6. Jerome H. Neyrey, Paul, In Other Words (Louisville: Westminster John Knox, 1990), 13.

  7. Neyrey, Paul, 14-17. Neyrey’s distinctions and concerns have value, but he makes a hardline dichotomy between Paul as one who receives supra-cultural insight (i.e., from God) and Paul as a fully incarnated product of his times (18). This distinction ignores Paul’s stated role from God. This is one of Mulholland’s four critiques of this model, it tends to be human-centered, often grounded in dynamic models foreign to the Roman world, imposes the model on the evidence, and lends itself to sociological reductionism (“Sociological Criticism,” 178-80).

  8. David A. deSilva, The Hope of Glory: Honor Discourse and New Testament Interpretation (Collegeville: Liturgical, 1999). The “native informants” are “our best instructors” (xi).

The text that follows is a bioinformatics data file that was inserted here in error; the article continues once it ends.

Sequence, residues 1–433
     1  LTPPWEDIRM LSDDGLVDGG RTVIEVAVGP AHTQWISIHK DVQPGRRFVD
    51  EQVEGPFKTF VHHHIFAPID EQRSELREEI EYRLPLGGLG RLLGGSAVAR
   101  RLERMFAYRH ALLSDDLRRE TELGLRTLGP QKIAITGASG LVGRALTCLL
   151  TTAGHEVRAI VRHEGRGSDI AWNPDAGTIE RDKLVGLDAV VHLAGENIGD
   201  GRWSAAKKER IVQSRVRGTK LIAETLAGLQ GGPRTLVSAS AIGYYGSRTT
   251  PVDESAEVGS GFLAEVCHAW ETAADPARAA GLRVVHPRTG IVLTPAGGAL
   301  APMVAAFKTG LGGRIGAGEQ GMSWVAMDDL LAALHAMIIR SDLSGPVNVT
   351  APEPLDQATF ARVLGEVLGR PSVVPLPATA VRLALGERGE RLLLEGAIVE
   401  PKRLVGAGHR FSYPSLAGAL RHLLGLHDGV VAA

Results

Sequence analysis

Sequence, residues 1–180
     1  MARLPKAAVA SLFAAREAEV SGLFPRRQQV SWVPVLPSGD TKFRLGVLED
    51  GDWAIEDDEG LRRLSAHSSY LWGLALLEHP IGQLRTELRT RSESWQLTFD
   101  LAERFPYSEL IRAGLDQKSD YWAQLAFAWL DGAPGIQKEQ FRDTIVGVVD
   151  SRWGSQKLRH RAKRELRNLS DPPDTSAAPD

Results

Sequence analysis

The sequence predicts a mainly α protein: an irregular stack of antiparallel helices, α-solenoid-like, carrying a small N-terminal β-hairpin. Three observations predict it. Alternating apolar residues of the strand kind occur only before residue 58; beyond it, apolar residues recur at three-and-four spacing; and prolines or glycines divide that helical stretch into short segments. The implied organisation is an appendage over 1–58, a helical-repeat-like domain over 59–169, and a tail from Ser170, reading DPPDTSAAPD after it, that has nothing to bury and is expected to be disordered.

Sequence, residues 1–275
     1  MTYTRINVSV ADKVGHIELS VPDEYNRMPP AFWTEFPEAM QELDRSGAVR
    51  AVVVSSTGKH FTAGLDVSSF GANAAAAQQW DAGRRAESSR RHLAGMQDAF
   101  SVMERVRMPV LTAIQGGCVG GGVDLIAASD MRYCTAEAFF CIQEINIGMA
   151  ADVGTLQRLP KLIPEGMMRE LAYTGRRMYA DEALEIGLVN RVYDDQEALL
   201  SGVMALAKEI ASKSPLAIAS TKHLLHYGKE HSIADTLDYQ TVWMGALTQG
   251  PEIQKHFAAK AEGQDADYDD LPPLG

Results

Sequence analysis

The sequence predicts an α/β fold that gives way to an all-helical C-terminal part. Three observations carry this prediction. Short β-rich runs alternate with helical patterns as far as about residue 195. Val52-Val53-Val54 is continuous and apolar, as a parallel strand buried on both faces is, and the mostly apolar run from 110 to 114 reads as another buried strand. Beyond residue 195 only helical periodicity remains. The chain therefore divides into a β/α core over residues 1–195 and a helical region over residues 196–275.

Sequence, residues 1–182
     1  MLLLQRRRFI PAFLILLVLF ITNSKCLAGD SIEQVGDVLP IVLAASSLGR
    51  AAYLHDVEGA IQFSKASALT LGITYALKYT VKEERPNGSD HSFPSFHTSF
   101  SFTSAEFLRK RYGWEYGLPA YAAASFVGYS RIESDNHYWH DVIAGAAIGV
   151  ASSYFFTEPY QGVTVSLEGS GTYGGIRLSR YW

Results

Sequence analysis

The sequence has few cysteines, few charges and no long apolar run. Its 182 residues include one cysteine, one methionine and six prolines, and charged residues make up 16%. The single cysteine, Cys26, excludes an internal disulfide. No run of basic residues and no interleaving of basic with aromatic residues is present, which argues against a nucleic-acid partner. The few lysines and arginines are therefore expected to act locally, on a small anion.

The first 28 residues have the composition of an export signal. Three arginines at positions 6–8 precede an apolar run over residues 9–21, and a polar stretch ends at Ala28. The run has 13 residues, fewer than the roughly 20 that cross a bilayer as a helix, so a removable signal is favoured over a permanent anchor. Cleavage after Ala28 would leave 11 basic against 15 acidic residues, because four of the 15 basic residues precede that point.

9. Bell, Exploring the New Testament World, 191-92.

  10. Ferguson, Backgrounds, 67; Florence DuPont, Daily Life in Ancient Rome, trans. C. Woodall (Oxford: Blackwell, 1993); Micahel Grant, A Social History of Greece and Rome (New York: Scribner’s Sons, 1992).

  11. Juvenal, Satire 1.95-126, http://sourcebooks.fordham.edu/halsall/ancient/juv-sat1eng.asp.

  12. Jérôme Carcopino, Daily Life in Ancient Rome, ed. Henry T. Rowell, trans. E. O. Lorimer (1940; repr., New Haven: Yale University, 1968), 171.

  13. Grant, Social History of Greece and Rome, 30, 54, 70-76, 114-119.

  14. Grant, Social History of Greece and Rome, 75-76.